Anecdotes of the Manners and Customs of London During the Eighteenth Century: Including the Charities, Depravities, Dresses, and Amusements, of the Citizens of London, During that Period; with a Review of the State of Society in 1807; to which is Added, a Sketch of the Domestic Architecture and of the Various Improvements in the Metropolis; Illustrated by Forty-five Engravings, Volume 2
Longman, Hurst, Rees, and Orme, 1810
What people are saying - Write a review
We haven't found any reviews in the usual places.
Other editions - View all
acted advertised amusements appear attended audience body building called character church City common continue Court dance door dress Drury-lane enter erected exhibited face Fair fashion feet fire five formed four frequently friends gentlemen give gold ground half hand head honour hour immediately intended issued Italy Justice King ladies late latter least leave light lives London Lord managers manner March master means meet ment mentioned month never night notice o'clock observed occasion opened Opera party pass performance period persons pieces play present proceeded produced proprietors reader reason received rich scene sent servants shilling short side silk silver soldiers stage street subjects taken Theatre thing tickets till whole
Page 135 - Serjeant, lately come from the frontiers of Portugal, master of the noble science of defence, hearing, in most places where I have been, of the great fame of Timothy Buck, of London, master of the said science, do invite him to meet me, and exercise at the several weapons following, viz. — " Back sword, Single falchion, " Sword and dagger, Case of falchions, " Sword and buckler, Quarter staff.
Page 243 - That if any Persons unlawfully, riotously and tumultuously assembled together, to the disturbance of the Public Peace, shall unlawfully, and with force demolish or pull down...
Page 167 - Sutton's blade run away from its hilt ; The weapons were frighted, but as for the men In truth they ne'er minded, but at it again.
Page 369 - The commodity and trade of your river belongs to yourselves ; but give a stranger leave to share in the pleasure of it, which will hardly be in the prospect or freedom of air ; unless prospect, consisting of variety, be made up with here a palace, there a wood-yard, here a garden, there a brewhouse ; here dwells a lord, there a dyer, and between both duomo comune.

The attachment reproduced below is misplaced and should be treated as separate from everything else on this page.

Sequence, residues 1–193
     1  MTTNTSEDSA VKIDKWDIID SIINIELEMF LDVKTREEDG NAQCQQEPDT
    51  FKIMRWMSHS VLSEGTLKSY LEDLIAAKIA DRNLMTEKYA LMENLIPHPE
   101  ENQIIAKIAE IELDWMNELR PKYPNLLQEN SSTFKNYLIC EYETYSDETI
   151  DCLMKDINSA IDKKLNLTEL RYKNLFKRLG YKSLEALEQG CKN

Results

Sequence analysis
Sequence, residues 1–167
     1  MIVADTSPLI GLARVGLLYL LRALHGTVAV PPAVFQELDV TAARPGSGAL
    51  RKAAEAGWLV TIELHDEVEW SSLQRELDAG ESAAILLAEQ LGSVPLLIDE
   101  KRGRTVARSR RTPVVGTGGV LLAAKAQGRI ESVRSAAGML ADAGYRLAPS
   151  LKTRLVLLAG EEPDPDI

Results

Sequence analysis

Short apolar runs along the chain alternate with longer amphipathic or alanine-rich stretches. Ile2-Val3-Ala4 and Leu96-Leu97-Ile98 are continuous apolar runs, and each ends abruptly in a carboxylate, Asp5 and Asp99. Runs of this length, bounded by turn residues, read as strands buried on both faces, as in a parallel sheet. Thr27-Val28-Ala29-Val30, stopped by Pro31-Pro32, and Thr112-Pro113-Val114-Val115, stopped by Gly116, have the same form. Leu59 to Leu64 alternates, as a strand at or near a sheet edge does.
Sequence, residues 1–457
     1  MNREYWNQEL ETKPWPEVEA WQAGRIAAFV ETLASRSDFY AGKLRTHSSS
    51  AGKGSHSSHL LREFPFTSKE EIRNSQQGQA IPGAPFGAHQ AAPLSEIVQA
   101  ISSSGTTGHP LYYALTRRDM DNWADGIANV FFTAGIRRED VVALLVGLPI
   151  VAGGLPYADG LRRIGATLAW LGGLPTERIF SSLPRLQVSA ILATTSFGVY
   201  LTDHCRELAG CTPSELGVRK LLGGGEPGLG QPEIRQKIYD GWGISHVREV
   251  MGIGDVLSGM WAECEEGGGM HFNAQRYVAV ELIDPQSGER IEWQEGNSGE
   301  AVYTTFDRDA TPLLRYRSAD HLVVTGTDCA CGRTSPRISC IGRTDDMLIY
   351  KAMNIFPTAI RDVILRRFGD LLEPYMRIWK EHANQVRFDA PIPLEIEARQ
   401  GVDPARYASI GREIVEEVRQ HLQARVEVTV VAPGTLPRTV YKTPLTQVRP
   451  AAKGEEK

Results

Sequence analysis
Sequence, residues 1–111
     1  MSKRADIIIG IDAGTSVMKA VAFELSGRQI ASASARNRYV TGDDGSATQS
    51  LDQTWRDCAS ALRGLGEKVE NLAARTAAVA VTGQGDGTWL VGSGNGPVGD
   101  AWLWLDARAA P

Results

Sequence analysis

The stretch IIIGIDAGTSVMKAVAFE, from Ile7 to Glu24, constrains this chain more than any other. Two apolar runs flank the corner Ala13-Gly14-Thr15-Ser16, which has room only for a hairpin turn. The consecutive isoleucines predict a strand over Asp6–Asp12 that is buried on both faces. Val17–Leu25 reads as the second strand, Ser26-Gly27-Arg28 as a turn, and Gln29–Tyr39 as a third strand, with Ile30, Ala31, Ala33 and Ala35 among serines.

Page 376 - As to the floors, they are usually made of clay covered with rushes that grew in fens, which are so slightly removed now and then that the lower part remains sometimes for twenty years together, and in it a collection of spittle, vomit, urine of dogs and men, beer, scraps of fish, and other filthiness not to be named. Hence upon change of weather a vapor is exhaled very pernicious in my opinion to the human body.
Page 171 - We James and Elizabeth Stokes, of the City of Lon.don. having already gained an universal approbation bation by our agility of body, dextrous hands, and courageous hearts, need not preambidnte on this occasion, but rather choose to exercise the sword to their sorrow, and corroborate the general opinion of the town than to follow the custom of our repartee antagonists. This will be the last time of Mrs. Stokes' performing on the stage.
Page 302 - ... a blow. Your lordship's determination is not only of the greatest importance to me now, but must inevitably decide my fate for the future, as, after this defeat, it will be impossible for me to muster up courage enough to face Folly again.
Page 274 - ... Conway) ; a double man, half miller, half chimneysweeper (Sir R. Phillips) ; a Political Bedlamite, run mad for Wilkes and Liberty and No. 45 ; a figure of Adam in flesh-coloured silk, with an apron of fig-leaves ; a Druid (Sir WW Wynne) ; a figure of Somebody ; a figure of Nobody ; a running Footman, very richly dressed, with a cap set with diamonds, and the words "Tuesday Night's Club...